Monday, 22 August 2011

Naegleria fowleri, Terror of Swimmers

It’s two thirds of the way through a long hot summer (in some places) and numerous swimming holes have had lots of time to warm up to temperatures well above average. Tragically, this sometimes results in deaths due to infection with Naegleria fowleri, especially in warmer regions such as the southern United States. Naegleria, sometimes referred to as the “brain-eating parasite,” is an environmental amoeba that can, given the opportunity, gain access to the human brain through the back of the nose.

Naegleria Thrives Where Water is Warm

Naegleria does not habitually parasitize humans, but it does multiply in warm waters, and if swimmers draw water up the nose, infection can follow. (This year, one victim reportedly infected himself using a neti pot – a device used to rinse the sinuses.) Once infected, very few people survive the dreadful illness that Naegleria causes. Victims, of course, are typically those who enjoy water sports and games – the young, fit, and healthy.

Deaths due to N. fowleri are often widely reported, especially now that we have the internet. After such a death, people call for disclosure of the bodies of water involved, more public education, and surveillance. This is entirely understandable, but these demands really do miss the point. Naegleria is an environmental organism, widely distributed in nature, and well known for multiplying in warm bodies of water. It could be in any warm water, even the stuff in your hot water tank (as in the neti pot story). We can’t eradicate it, or even pinpoint where it will turn up next except in the most general terms.

If you really want to avoid this risk (and it is a small small risk) don’t swim in water warmer than 80F (26.7C). Never draw warm water up your nose unless it has been sterilized. If there is a risk of drawing water up the nose, use nose plugs or a nose clip.

Naegleria Deaths in Perspective

The reality is that any activity carries a certain risk, even sitting at home. For comparison, the number of fatalities from N. fowleri in the United States in the decade from 2001 to 2010 is thought to be about 30, an average of three per year:

  • In that same time period, National Geographic reports that more than 400 people were killed by lightening.

  • In 2004, an average of nine people accidentally drowned per day in the United States (Poseidon).

  • In 2004, almost 4000 people died in fires, mostly residential.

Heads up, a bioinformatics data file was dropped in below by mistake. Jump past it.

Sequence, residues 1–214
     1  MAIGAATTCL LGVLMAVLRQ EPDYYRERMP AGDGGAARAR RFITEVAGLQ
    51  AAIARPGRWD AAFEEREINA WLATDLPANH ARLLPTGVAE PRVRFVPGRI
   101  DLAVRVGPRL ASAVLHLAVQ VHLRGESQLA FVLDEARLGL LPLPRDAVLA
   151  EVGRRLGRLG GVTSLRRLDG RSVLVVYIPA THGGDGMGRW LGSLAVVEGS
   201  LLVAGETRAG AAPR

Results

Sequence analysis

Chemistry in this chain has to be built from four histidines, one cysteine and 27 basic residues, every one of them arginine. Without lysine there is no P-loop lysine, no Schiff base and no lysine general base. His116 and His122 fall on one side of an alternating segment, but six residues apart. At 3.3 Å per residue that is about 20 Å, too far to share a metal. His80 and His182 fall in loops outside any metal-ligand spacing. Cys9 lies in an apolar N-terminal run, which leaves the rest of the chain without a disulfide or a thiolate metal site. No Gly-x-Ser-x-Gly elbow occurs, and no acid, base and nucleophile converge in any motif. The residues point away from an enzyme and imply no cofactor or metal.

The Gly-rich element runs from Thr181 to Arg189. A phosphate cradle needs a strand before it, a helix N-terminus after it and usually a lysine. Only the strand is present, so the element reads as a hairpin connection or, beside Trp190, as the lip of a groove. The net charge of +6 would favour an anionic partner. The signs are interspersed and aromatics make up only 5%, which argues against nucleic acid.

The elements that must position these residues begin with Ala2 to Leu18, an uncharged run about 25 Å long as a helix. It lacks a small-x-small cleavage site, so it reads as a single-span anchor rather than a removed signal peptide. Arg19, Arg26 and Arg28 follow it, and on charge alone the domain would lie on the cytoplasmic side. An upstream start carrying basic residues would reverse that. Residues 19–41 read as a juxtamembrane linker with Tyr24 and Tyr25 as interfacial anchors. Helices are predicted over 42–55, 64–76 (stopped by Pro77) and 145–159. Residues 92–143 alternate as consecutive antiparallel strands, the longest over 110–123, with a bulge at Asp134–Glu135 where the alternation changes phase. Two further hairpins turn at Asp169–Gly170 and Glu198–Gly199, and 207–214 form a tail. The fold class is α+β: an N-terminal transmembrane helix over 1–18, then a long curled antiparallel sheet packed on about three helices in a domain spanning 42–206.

• Each year, more than 33,000 people are killed in automobile accidents in the United States (NHTSA).

Deaths due to N. fowleri are quick, horrifying, and tragic, but this disease shouldn’t be blown out of proportion. It’s rare. Exercise reasonable caution while swimming (submerged hazards, drowning, pathogens, dangerous aquatic animals etc.) and enjoy the summer.

Tuesday, 16 August 2011

Is Babesia Spreading or Not?

Babesia microti was first recognized as a potential cause of human infection in New England in 1969. Before this, human cases of babesiosis involving other Babesia species were recognized in other places, chiefly Europe. The appearance and persistence of Babesia microti have been associated with high deer populations, increased human contact with the deer tick, Ixodes scapularis, and the presence of Lyme disease.

[caption id="attachment_316" align="alignleft" width="300" caption="Ixodes scapularis, image by Stuart Meek"][/caption]

In 2003, a paper published in the American Journal of Tropical Medicine and Hygiene noted “Human babesiosis generally is detected in sites where Ixodes ticks are endemic only after Lyme disease has become well established” (Krause et al, “Increasing Health Burden of Human Babesiosis in Endemic Sites," 68(4)). Why?

It’s tempting to explain away the late appearance of babesiosis by saying, well, physicians aren’t familiar with it, no one is looking for it, and most cases are mild anyway, so it’s simply being missed. As well, no one’s collecting data on diagnosed cases, so the incidence is unknown.

A current article published on discusses the work of Stephen Rich at the University of Massachusetts Amherst's Laboratory of Medical Zoology (Clark, “Much to Learn About Babesia’s Spread”). Rich’s research on Ixodes scapularis suggests that Babesia microti is spreading inland at a much slower rate than Borrelia burgdorferi, the organism that causes Lyme disease.

Rich’s work tells us that the organism truly is not well established in new locales – there’s not as much of it there. This likely explains why cases of babesiosis lag behind cases of Lyme disease, but it still raises a big question mark. If ticks and Lyme are spreading, why is Babesia not spreading just as quickly? The answer isn’t clear, but it appears that something is slowing down transmission of Babesia from host to host.

Rich doesn’t say that Babesia is absent in places where ticks and Lyme have appeared, he says there is a “much lower incidence” (qtd. in Clark). I suspect that incidence will rise over time – it may take years – and eventually make babesiosis a significant health concern over a much larger geographical area. I hope surveillance and medical knowledge stay ahead of it. If nothing else, the risk of contamination of the blood supply should fuel increased interest in this organism.